It is very common that workers are fired after they give notice that they're leaving a job. It is very unfair when a boss tells workers they have to give 2 weeks notice, then doesn't pay for that time. Usually, there's no law against it.
Employers can say that they "require" 2 weeks' notice before you leave, but for most workers there's no real way they can make you work after you've decided to quit. There are several things to think about when deciding whether to give notice before you leave a job:
Does your boss usually fire people after they give notice? If you are fired when you give notice, then you have some rights to collect unemployment (check your eligibility in "Unemployment Benefits" in the Resource Box on this page. Your boss will argue that you should only be eligible for the period of time you didn't work BEFORE the day you were going to quit. (If you gave 2 weeks' notice and were immediately fired, then there would be one week waiting time before you can collect, and then 1 week of unemployment payment.)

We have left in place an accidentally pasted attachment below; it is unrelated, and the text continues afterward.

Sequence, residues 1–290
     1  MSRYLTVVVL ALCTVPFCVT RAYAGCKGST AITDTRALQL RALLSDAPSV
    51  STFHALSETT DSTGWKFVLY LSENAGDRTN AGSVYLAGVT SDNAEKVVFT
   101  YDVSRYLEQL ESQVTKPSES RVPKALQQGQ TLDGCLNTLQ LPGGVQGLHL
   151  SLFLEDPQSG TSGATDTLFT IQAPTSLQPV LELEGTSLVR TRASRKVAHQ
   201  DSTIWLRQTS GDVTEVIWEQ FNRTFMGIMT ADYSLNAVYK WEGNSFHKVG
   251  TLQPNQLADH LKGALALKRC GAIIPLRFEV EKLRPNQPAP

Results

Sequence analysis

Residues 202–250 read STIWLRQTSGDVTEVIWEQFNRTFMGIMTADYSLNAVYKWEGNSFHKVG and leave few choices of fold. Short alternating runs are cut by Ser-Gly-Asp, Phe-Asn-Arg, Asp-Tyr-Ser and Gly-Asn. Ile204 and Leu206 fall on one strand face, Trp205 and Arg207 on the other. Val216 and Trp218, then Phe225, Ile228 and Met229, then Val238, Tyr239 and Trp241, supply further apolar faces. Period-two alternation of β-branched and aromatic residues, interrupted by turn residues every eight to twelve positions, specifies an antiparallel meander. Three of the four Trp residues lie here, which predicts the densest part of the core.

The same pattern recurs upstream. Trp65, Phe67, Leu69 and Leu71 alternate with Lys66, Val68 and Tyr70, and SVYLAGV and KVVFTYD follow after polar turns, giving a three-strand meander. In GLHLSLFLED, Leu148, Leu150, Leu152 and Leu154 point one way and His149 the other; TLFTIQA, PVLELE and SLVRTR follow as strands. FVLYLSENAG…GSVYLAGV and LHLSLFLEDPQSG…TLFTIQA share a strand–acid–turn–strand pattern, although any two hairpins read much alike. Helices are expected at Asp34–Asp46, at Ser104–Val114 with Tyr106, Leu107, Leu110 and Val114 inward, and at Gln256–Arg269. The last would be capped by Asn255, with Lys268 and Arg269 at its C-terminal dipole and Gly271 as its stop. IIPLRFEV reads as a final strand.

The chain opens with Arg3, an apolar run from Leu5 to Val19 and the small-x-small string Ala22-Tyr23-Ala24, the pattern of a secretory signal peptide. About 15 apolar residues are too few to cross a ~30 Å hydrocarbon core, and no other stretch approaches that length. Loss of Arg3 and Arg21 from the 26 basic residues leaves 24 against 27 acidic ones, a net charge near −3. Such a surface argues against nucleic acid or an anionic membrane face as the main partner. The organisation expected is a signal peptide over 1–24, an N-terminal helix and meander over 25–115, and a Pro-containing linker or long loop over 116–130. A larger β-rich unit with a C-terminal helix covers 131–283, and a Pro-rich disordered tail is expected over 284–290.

Will you be able to collect your accrued vacation? Some companies have a policy that they will not pay for accrued vacation if you don’t give notice. Check the laws in your state for getting paid accrued benefit time at "Getting Paid When You Leave a Job" in the Resource Box on this page.
Will you ever need a reference from your boss? Leaving without giving notice could mean that you don’t get a good reference. If you give notice, ask for a reference letter that says that you are eligible to be rehired. Ask their policy of what they will say when asked for a reference. (Some employers will only confirm that you worked for them and what dates, for example; that's why a letter is helpful.)
Do you have an employment contract that states rules about giving notice and/or getting paid for the time? If you have an employment contract, check what it says and what happens if you don't comply.
The basic idea is that most workers are "at will," so they can be fired at any time and for any reason (except for legally-protected reasons) -- including for saying that they're going to quit. Good bosses who ask for notice will either let you work or pay you for the time.